First thing's first: my girlfriend got a Twitter account and didn't want to try it alone, so I fucking caved and got one myself. You can read my 140-character-or-less thoughts @ASeriousDan. I haven't really found much use for it, except I'm posting a tweet (that's what they call it, right? "Posting a tweet"?) every time I watch a movie, with a mini-review and rating. I know, I know, what a perfect way to insightfully analyze film. Everyone else might as well just give up, I think I've reached the pinnacle of film criticism.
I did originally create this blog to talk about movies, so here are a few fast thoughts about some of the more remarkable recent films I've seen.
Debra Granik's Winter's Bone, about a teenage girl from the Ozarks searching for her missing meth dealer father before the state seizes their home, could have been a piece of miserablist poverty porn a la Precious Based On the Novel Push By Saffire. Instead, Granik crafted it into a skillful thriller and richly detailed slice of life. When the film first started, its desaturated color palette and handheld camera work had me worried it was going to be some sort of self-consciously gritty, self-important bit of Indie faux-realism, but for once this overused style works. As much as it is a film about a girl traveling to the depths of the meth underworld in a desperate bid to save her family, it's also a film about a specific time and place that creates a densely textured world without beating you over the head with it. A masterpiece of set design, it keeps finding all the right details, from the lizard cage in a drug dealer's trailer, to a little girl hopping around on her toy horse on the old trampoline stashed in her backyard. The film also signals Jennifer Lawrence, the lead, as an actress to keep tabs on. And more impressively it casts a whole new light on John Hawkes; known for playing twerps, here he gives a surprising turn as "Teardrop," an intimidating drug dealer who slowly reveals (just the slightest, mind you) amount of humanity when shit hits the fan.
Completely confounding to me was Alain Resnais's Wild Grass, but I mean that in a good way. It starts off something like a Jeunet film, a quirky fable about about a lonely dentist and a strange old man whose paths cross by chance, introducing all sorts of different plot strands that seem about to come together. Instead, the film pulls back layer after layer to reveal a bizarre creepiness under the light romantic comedy surface, and when the story finally "comes together," it is in a way that makes no sense and doesn't seem to answer anything. It's like the anti-Amelie. Like Resnais's Last Year at Marienbad, it almost seems like a self-conscious admission/analysis of its own impenetrability (albeit more playful and funny than that film) and an invitation to revel in its glorious artificiality, in this case a world of rich candy colors, flights of fancy and imagination, and energetic, show-offy camera work.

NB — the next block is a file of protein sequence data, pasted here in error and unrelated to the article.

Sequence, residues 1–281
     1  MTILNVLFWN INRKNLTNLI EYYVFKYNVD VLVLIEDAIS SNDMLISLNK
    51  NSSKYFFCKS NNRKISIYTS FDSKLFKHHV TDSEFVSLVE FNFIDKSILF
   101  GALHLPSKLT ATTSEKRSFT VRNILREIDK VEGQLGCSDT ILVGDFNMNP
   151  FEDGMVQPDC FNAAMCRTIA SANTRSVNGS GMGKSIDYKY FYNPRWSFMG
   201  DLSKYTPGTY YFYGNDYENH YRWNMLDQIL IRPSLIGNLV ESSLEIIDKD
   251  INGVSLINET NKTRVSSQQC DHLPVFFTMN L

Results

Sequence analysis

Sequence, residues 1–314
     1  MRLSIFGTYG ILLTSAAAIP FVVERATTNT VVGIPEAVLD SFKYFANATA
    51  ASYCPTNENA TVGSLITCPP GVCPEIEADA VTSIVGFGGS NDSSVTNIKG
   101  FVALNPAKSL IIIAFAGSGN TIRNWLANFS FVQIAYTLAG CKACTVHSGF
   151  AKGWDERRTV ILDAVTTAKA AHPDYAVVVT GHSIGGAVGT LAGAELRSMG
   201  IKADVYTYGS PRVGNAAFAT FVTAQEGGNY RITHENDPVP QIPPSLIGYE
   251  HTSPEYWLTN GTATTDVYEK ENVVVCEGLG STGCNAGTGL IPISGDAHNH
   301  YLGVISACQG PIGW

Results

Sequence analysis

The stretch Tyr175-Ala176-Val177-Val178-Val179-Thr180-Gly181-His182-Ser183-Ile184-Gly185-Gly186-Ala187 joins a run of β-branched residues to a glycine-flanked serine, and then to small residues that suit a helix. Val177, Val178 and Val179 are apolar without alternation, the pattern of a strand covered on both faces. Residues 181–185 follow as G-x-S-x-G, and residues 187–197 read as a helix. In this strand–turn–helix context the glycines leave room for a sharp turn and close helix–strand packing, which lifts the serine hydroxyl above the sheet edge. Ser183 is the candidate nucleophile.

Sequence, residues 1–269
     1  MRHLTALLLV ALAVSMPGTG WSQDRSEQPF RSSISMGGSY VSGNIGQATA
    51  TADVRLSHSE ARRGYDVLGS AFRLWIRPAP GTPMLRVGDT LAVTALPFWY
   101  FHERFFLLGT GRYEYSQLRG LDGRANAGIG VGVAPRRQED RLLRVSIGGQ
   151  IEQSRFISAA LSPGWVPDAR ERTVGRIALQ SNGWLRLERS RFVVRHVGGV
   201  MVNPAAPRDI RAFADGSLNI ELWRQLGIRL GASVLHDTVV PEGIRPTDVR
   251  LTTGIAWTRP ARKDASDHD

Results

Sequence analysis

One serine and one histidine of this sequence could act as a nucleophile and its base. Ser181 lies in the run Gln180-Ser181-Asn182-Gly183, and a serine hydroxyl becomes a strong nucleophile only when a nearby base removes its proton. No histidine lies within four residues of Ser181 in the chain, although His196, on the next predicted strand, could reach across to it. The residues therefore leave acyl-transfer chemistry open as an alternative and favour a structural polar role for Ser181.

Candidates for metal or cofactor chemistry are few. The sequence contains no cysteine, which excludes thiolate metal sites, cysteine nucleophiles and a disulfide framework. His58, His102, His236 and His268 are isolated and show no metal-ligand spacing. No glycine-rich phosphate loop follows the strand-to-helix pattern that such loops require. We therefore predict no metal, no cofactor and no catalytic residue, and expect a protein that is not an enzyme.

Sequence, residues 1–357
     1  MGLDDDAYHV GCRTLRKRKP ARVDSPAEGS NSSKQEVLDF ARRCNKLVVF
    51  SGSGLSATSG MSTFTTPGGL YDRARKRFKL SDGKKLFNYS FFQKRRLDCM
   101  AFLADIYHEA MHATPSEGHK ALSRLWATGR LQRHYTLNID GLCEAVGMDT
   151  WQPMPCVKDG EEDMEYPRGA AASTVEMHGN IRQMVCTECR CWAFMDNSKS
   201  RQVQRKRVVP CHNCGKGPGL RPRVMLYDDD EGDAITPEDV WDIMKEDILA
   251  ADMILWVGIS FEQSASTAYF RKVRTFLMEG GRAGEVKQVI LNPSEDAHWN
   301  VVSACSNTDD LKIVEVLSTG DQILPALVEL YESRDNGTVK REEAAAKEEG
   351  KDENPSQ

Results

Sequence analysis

And of course I have to mention Inception. There's a lot you can (rightly) criticize about the film: it's depiction of dreams and the mind are almost perversely literal; Christopher Nolan still can't film a good shoot-out; with a few brief exceptions, the film wastes ample opportunities to deliver mindblowing visuals and/or surrealism. Yeah, I think Nolan is far too logical and not visually oriented enough to really make a movie about dreams. Instead, what he did was use his strengths in editing and story-craft to make a great heist/con movie style thriller. The "dream" motif is little more than a gimmick that allows Nolan to create some truly awesome set pieces, freeing him to play with time, space, gravity, parallel action, and so on. The last half of the movie is like one long suspense sequence (or more accurately, dozens of suspense sequences piled on top of each other and happening simultaneously) that doesn't let up for a second, even leaving us hanging when the film cuts to credits. It's not the best film I've seen so far this year (That would probably be either Winter's Bone or Bong Joon-Ho's Mother), but it is the most fun... but I'll have to see it again to determine if the film's nearly wall-to-wall exposition drags it down when you already know what's going on.